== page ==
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Journal of Diabetes Research
Volume 2017 (2017), Article ID 6915310, 9 pages
Research Article

Effects of Renal Denervation on Insulin Sensitivity and Inflammatory Markers in Nondiabetic Patients with Treatment-Resistant Hypertension

1Department of Endocrinology and Internal Medicine, Aarhus University Hospital, Nørrebrogade 44, 8000 Aarhus C, Denmark
2Department of Cardiology, Aarhus University Hospital, Palle Juul-Jensens Boulevard 99, 8200 Aarhus, Denmark
3Department of Nephrology, Aalborg University Hospital, Hobrovej 18-22, 9000 Aalborg, Denmark
4Medical Research Laboratory, Aarhus University Hospital, Nørrebrogade 44, 8000 Aarhus C, Denmark

Correspondence should be addressed to Ulla Kampmann; kd.purtspo@allu

Received 28 March 2017; Revised 9 July 2017; Accepted 25 July 2017; Published 7 September 2017

Academic Editor: Joseph F. Ndisang

Copyright © 2017 Ulla Kampmann et al. This is an open access article distributed under the Creative Commons Attribution License, which permits unrestricted use, distribution, and reproduction in any medium, provided the original work is properly cited.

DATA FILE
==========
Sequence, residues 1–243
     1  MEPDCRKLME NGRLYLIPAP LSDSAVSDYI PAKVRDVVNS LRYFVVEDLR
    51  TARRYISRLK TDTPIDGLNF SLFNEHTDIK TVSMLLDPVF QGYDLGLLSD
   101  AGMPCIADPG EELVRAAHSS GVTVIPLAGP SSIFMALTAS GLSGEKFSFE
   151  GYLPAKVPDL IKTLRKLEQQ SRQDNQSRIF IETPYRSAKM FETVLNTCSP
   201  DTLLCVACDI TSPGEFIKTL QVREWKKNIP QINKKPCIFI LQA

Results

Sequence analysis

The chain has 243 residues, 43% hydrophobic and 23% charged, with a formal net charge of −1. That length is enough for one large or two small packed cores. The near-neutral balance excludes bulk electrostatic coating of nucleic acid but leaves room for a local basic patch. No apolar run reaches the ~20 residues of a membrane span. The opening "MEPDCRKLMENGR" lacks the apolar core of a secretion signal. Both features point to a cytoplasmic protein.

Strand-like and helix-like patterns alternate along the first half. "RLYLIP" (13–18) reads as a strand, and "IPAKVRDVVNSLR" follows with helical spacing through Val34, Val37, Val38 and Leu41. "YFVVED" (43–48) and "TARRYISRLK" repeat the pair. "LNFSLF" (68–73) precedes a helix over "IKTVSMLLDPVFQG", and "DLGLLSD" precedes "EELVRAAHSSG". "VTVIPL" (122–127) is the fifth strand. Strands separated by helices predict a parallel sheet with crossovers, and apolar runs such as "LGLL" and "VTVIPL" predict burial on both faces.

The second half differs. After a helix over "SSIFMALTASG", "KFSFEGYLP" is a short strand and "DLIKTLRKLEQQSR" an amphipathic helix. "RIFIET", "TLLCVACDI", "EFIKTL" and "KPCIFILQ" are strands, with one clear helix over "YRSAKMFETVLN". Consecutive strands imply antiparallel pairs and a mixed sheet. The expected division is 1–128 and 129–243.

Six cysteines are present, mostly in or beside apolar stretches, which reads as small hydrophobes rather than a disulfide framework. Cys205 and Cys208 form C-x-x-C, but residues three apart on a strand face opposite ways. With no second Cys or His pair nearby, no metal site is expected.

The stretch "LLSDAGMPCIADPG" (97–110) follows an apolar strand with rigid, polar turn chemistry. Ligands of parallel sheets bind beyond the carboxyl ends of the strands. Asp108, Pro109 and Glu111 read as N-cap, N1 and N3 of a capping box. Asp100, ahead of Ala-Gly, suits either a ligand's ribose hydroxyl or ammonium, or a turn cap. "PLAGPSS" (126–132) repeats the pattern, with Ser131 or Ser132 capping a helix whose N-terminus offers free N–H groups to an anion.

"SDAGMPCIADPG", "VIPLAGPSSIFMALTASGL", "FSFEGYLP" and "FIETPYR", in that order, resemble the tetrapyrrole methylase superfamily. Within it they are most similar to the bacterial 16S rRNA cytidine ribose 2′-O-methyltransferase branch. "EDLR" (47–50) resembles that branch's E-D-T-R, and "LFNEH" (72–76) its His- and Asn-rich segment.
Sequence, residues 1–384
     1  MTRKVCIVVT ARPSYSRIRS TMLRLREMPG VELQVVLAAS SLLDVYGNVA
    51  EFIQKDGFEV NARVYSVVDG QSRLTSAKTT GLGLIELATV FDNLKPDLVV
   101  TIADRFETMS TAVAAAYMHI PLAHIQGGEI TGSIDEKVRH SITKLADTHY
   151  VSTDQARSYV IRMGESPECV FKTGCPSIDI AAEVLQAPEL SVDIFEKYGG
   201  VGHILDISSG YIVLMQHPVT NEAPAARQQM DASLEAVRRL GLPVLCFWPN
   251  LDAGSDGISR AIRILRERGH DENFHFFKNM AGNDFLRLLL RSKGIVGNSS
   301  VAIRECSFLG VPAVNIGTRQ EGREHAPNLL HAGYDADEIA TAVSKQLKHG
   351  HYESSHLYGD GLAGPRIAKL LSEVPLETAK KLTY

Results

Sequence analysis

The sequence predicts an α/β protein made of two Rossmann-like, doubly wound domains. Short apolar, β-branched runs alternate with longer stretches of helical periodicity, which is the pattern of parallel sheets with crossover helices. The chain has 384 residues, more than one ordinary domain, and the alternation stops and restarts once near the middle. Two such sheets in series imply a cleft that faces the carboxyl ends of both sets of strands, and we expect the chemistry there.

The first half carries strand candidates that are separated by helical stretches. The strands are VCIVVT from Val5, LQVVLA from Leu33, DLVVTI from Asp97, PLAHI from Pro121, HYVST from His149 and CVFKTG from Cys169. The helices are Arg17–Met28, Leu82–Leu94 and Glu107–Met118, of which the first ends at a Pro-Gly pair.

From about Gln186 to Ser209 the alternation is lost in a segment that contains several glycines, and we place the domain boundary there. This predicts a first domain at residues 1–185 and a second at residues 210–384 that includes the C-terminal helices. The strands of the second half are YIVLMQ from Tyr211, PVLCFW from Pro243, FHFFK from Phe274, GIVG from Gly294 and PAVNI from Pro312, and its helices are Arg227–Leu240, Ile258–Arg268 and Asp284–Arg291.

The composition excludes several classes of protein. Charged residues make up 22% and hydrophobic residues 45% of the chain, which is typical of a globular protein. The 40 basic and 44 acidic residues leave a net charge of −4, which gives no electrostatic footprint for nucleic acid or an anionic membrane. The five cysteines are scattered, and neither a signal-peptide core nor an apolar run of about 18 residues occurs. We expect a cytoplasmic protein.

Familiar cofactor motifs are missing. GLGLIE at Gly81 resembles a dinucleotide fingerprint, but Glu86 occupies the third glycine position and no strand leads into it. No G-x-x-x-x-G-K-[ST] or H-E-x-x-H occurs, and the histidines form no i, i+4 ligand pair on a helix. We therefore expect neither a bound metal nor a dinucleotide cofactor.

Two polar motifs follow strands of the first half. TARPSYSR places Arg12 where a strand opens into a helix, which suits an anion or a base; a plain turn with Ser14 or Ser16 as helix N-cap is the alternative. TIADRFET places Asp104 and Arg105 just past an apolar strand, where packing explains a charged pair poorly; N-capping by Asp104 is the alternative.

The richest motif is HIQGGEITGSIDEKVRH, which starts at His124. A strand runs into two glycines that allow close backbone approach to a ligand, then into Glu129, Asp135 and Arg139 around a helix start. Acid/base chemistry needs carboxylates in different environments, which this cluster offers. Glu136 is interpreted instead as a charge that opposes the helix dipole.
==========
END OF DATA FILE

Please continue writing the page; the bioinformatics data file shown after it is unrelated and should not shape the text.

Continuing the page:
Increased sympathetic activity is important in the pathogenesis of hypertension and insulin resistance. Afferent signaling from the kidneys elevates the central sympathetic drive. We investigated the effect of catheter-based renal sympathetic denervation (RDN) on glucose metabolism, inflammatory markers, and blood pressure in nondiabetic patients with treatment-resistant hypertension. Eight subjects were included in an open-labelled study. Each patient was studied before and 6 months after RDN. Endogenous glucose production was assessed by a 3-3H glucose tracer, insulin sensitivity was examined by hyperinsulinemic euglycemic clamp, hormones and inflammatory markers were analyzed, and blood pressure was measured by office blood pressure readings and 24-hour ambulatory blood pressure monitoring. Insulin sensitivity (-value) increased nonsignificantly from 2.68 ± 0.28 to 3.07 ± 0.41 (). A significant inverse correlation between the increase in -value and BMI 6 months after RDN () was found, suggesting beneficial effects on leaner subjects. Blood pressure decreased significantly, but there were no changes in hormones, inflammatory markers, or endogenous glucose production. Our results indicate that RDN may improve insulin sensitivity in some patients with treatment-resistant hypertension, albeit confirmation of these indications of beneficial effects on leaner subjects awaits the outcome of larger randomized controlled studies.